Our first daylong trek leads us out to Mike’s Sky Ranch, a remote haven for riders accessible only by trail. It’s steeped in history; the windows of each room are plastered with decades of race team stickers, to the point where light barely shines through. Landmarks such as these and the trails around them are important not just to those who come from the world over to race, but also to the people who live here. In the rest of Mexico, soccer is the national sport. Here, it’s desert racing.
Lyn Woodward, an accomplished automotive journalist, experienced Wide Open for herself in 2017 during the Baja 1000. “The prestige about this event for [the Mexican people] is very real,” explains Woodward. “You realize this is a reverential and very respectful thing.”
Wide Open does a lot of community outreach as well. On Christmas, they take one of the rigs, with the driver dressed as Santa Claus, to local orphanages to hand out gifts. In the past, they have worked with a local orphanage for older kids to build a trade school, refurbishing the workshop and bringing in new equipment. It’s all part of a relationship between the race and the local people that spans generations. “You have kids whose parents and grandparents on both sides were pro drivers,” says Graham. “Imagine what they can do in a truck or bike.” Some of the best racing drivers in the world – including names from Indy, NASCAR®1 and Formula One – have come out to Baja and struggled. “Formula One drivers aspire to race the Baja 1000,” says Graham.
Woodward sees the Baja in a similar vein. “You start looking at the rigors of the 500 and 1000,” she says, “and … those guys and girls are truly made of armor.” Still, there’s more to the race than the grit of its drivers; it has a vibe like no other. “You can feel the history out here. The race. The drivers. It’s palpable.”
But when you’re rocketing along a desiccated riverbed at 60 mph, barely making out cattle and slower ATV drivers in the clouds of dust, you don’t have time to think about the history. Hours in, though, you put on more miles, your white-knuckle grip on the wheel begins to ease, you start to develop confidence, and your speed starts to climb.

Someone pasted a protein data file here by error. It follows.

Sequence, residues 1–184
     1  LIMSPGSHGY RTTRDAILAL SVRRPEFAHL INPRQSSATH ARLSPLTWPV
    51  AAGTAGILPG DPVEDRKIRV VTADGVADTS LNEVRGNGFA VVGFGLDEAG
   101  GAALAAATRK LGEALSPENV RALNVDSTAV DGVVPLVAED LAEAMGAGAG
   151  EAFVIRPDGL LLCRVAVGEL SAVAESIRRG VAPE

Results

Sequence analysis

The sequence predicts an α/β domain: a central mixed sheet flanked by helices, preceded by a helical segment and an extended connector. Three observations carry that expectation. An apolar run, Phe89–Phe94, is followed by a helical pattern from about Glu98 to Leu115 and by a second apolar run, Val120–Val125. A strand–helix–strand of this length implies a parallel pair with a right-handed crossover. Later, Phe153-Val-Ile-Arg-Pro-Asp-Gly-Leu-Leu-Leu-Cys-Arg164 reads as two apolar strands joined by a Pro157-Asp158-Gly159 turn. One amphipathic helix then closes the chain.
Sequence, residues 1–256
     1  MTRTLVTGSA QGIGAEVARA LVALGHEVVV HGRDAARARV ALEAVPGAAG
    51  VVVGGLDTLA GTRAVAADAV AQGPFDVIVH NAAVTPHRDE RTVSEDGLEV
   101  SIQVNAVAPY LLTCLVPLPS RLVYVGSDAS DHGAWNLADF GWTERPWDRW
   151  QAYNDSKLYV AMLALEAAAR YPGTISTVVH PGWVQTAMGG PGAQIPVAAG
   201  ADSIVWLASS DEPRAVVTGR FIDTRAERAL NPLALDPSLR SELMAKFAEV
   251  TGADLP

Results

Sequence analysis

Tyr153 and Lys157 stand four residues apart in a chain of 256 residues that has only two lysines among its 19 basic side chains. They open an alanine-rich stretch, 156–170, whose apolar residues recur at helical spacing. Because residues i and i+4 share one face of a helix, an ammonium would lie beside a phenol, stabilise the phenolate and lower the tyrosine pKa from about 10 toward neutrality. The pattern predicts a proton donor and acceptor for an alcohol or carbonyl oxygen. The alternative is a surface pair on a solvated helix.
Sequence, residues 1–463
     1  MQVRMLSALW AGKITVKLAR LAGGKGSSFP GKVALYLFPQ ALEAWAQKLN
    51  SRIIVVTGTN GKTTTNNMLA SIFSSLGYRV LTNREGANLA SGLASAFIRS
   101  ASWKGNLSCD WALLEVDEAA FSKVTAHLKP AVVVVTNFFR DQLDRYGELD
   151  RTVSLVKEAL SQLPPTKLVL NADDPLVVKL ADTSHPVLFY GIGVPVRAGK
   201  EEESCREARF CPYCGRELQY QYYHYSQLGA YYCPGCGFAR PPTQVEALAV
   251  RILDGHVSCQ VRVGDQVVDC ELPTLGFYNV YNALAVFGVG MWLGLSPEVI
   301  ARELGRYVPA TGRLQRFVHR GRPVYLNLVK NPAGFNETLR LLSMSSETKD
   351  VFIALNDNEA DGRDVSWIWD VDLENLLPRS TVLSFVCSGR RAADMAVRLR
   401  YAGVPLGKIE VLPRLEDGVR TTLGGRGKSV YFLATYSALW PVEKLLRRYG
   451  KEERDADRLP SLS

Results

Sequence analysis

“All this equipment can make you super bold,” says Woodward. “There’s no being contemplative. Just go over it [you’re thinking]. But those trails are not groomed. No guardrails. If you screw up, you’re on your own.” She summarizes her experience this way: “It was the closest to how it was like to be a cowboy. But a cowboy in a crazy vehicle.”
By the final afternoon, I’ve mastered the clutch, brakes and gated shifter, but coming out of the corners still feels like a dark art. At one point, Graham likens the steering to rally driving, and it all clicks. I reduce the number of steering inputs and point the vehicle where I want to go. It feels right.
2019 – Crosstrek Desert Racer
In June 2019, the Subaru of America-sponsored Crosstrek Desert Racer – piloted by father/son team of Neal and Dusty Grabowski – was the only vehicle in its class to finish the grueling Baja 500, winning Class 5 in a time just over 16 hours.
At another point, Graham says calmly, “This next part you’re going to be airborne for a sec. Just make sure to let off the throttle when you get that air.”
I’ve done plenty of off-roading, driven plenty of sports cars and even raced open-wheel formula cars, but here in long stretches across the desert floor, where I can see for a mile ahead and there is no danger in keeping the throttle pinned, I find my automotive nirvana.